An anchor at KTLA-TV received a customized dining-room makeover worth more than $10,000 for her own home in what a local furniture merchant says was meant to be a special deal in exchange for favorable coverage on the station's "Morning News." Instead, the arrangement soured when the story never aired, leaving the Tribune Co.-owned station scrambling late this week to right a tangled situation that could raise new questions about its ethical practices.
Anchor Michaela Pereira volunteered her Pasadena home for the "Extreme Makeover: Home Edition"-style story, which was taped in September with the cooperation of Los Angeles-area furniture retailer IdentityCraft.
Allen Smith, a co-owner of IdentityCraft, said that he agreed to participate after a KTLA producer approached him with the idea because he believed the promotion would be good for business. "We pulled out all the stops," Smith said. A designer visited Pereira's home for a consultation, and the company provided custom furniture and draperies, and also some non-customized accessories for her dining area, according to Smith.
Months went by and the segment never aired, however, and Smith said he began to feel "totally duped." "I told them, if it doesn't air, she's going to need to be treated like a paying customer," he said.
KTLA producer Rich Goldner, who oversees "Morning News" for the station's news department, said Thursday that Pereira was selecting which items will be returned to Smith's store; IdentityCraft is due to pick up those items next week. The station said midday Friday that Pereira had paid for the remaining items in her home, although Smith could not immediately be reached to verify this.
"The intention was to use her house as a set" for the story, Goldner said. "Then she could keep the items she wanted ... she could pay for the items." He added that it was always assumed Pereira would return some things: "Michaela was not prepared to spend that kind of money" for the makeover.
At many news organizations, journalists are not allowed to accept any gifts from a person or organization with a stake in stories they are covering. Tribune, which also publishes the Los Angeles Times, has an ethics policy that governs employees facing potential conflicts of interests.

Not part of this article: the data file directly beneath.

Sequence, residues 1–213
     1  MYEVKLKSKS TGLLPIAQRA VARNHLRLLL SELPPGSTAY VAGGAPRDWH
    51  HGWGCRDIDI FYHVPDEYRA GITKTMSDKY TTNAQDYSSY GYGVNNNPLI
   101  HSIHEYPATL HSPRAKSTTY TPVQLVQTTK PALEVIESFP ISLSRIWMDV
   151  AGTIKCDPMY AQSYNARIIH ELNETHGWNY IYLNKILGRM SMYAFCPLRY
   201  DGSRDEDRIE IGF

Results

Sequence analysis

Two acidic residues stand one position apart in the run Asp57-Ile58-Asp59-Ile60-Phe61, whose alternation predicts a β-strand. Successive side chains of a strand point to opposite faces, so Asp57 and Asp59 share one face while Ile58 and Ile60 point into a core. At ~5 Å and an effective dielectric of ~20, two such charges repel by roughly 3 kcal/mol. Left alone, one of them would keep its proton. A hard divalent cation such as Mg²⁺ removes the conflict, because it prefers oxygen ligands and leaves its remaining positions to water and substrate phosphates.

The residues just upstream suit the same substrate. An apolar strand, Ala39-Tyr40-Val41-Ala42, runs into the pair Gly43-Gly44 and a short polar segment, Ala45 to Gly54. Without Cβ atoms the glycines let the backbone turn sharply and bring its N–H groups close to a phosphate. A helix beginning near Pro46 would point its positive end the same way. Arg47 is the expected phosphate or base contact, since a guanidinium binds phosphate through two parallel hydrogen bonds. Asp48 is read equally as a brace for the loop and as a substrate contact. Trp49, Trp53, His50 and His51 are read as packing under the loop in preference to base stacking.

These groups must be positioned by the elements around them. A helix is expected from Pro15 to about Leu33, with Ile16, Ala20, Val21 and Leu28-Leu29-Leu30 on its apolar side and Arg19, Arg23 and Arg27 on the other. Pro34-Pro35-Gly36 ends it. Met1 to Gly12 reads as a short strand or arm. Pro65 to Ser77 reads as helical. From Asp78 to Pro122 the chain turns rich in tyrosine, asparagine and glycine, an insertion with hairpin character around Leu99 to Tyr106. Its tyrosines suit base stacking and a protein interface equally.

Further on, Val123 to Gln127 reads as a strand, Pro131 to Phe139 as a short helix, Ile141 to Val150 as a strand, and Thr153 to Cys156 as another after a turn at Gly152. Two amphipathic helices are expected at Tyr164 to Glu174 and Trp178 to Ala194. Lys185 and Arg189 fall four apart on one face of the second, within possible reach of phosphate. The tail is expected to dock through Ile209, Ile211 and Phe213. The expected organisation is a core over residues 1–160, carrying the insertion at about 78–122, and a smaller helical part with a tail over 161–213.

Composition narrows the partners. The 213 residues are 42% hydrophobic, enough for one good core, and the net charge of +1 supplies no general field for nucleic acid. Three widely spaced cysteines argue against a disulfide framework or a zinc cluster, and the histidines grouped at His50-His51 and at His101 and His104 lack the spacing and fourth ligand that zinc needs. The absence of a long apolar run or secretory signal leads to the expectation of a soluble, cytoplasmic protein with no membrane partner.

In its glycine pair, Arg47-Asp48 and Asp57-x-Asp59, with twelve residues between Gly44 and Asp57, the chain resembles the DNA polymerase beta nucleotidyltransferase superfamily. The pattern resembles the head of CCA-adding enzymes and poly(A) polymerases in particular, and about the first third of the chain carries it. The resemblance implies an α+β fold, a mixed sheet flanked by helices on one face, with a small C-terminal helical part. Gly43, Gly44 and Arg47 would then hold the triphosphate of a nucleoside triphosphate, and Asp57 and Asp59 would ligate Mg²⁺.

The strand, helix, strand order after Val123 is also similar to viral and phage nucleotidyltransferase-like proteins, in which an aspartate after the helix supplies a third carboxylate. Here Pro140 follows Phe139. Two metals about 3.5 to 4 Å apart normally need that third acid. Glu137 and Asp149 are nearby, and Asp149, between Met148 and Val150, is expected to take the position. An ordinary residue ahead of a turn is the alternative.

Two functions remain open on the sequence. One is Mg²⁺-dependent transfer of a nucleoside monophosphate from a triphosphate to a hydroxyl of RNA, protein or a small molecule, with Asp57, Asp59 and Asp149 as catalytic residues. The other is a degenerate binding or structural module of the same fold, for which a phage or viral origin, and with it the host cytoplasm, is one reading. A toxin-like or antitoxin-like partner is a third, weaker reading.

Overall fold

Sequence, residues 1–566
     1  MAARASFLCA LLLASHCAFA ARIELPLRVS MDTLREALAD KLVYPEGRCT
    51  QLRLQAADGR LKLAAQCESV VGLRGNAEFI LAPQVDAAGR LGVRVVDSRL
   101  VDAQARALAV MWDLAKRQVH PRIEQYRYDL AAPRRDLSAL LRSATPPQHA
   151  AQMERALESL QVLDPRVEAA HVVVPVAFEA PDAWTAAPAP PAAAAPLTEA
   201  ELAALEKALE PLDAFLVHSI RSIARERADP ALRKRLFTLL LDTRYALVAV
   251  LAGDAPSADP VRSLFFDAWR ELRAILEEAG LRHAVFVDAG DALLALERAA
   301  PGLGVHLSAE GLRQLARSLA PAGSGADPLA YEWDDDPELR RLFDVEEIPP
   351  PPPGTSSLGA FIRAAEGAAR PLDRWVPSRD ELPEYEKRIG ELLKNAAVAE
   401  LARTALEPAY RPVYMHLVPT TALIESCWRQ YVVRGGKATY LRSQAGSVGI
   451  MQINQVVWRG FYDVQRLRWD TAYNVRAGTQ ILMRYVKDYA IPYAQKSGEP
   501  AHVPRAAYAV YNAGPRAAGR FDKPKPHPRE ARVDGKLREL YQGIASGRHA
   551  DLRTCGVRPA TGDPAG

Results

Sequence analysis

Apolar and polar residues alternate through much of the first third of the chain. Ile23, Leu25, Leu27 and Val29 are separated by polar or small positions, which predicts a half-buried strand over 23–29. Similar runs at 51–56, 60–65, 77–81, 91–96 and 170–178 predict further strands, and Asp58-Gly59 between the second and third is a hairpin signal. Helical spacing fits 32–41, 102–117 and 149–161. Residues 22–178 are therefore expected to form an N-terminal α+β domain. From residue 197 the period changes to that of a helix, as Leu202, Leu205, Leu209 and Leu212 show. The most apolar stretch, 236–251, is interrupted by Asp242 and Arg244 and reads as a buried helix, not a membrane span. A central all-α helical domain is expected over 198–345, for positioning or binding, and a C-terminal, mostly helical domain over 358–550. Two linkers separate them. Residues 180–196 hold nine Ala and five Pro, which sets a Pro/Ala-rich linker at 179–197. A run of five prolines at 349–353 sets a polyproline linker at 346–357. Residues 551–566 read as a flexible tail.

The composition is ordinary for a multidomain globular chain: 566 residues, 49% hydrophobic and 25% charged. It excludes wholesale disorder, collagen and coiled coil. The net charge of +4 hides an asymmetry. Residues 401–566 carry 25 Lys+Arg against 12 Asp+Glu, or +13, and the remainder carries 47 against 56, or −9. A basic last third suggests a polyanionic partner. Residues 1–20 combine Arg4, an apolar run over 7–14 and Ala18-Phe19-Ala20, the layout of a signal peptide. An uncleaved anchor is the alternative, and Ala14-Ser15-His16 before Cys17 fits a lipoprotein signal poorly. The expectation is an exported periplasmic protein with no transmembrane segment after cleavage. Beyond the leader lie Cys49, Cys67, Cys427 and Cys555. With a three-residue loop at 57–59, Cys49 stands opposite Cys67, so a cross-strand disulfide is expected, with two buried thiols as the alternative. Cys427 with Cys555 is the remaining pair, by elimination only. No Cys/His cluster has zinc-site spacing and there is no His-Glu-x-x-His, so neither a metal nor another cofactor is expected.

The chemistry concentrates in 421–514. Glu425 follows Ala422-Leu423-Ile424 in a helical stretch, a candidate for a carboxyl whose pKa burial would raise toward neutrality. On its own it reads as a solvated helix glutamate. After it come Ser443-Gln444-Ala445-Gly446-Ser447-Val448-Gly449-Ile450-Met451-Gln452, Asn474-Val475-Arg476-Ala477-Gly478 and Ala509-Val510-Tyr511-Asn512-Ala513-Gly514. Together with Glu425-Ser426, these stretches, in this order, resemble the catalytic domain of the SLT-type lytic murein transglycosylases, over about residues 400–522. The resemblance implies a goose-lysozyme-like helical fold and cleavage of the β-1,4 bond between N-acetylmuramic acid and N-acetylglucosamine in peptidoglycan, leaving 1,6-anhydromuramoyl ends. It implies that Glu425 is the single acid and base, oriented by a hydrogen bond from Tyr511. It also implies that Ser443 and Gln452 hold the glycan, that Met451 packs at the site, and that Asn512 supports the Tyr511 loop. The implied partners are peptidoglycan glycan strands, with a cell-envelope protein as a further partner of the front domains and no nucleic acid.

Pereira, a former TechTV anchor who joined KTLA in February 2004, was one of three on-air personalities who received free overnight stays and gifts from the Ritz-Carlton, Huntington Hotel & Spa in Pasadena after the "Morning News" trumpeted the hotel's $19-million renovation, the Pasadena Star-News revealed last week.
Goldner said he decided to kill the home makeover segment because coverage of Hurricane Katrina had taken up so much airtime on "Morning News" last fall. Both the producer and KTLA spokeswoman Carolyn Aguayo characterized Smith as "disgruntled" because the story never ran; however, he was not the source who first alerted The Times about the arrangement and expressed surprise when reached by phone Thursday.
It remained unclear why the items had still not been paid for more than five months after the taping. Pereira did not respond to a message left on her office voicemail.
When asked about the payment delay, Aguayo replied in an e-mail: "We never received the invoice until December. The segment producer was hoping the segment would air sometime in the future despite [Goldner's] decision not to air it." Smith said the station never officially told him that the story was killed, but as the weeks dragged on he began to step up pressure that producers either air the piece or pay him for his furniture.
Smith said that he told Pereira he had no interest in taking the customized items back from her because they had been used and were created specifically for her house, and were therefore not easily sold to another customer.
Reached late Thursday, Smith confirmed that Pereira was working with his employees to return some of the noncustomized items to his store. Smith said that he received a check Friday from Pereira to cover the customized merchandise.
Pereira was also at the center of a controversy earlier this year when she joined veteran broadcaster Bob Eubanks in the booth during KTLA's high-rated coverage of the Rose Parade on Jan. 2.
Pereira supplanted longtime Eubanks co-host Stephanie Edwards, who reported from the parade sidelines in heavy rain. Many viewers complained about the switch.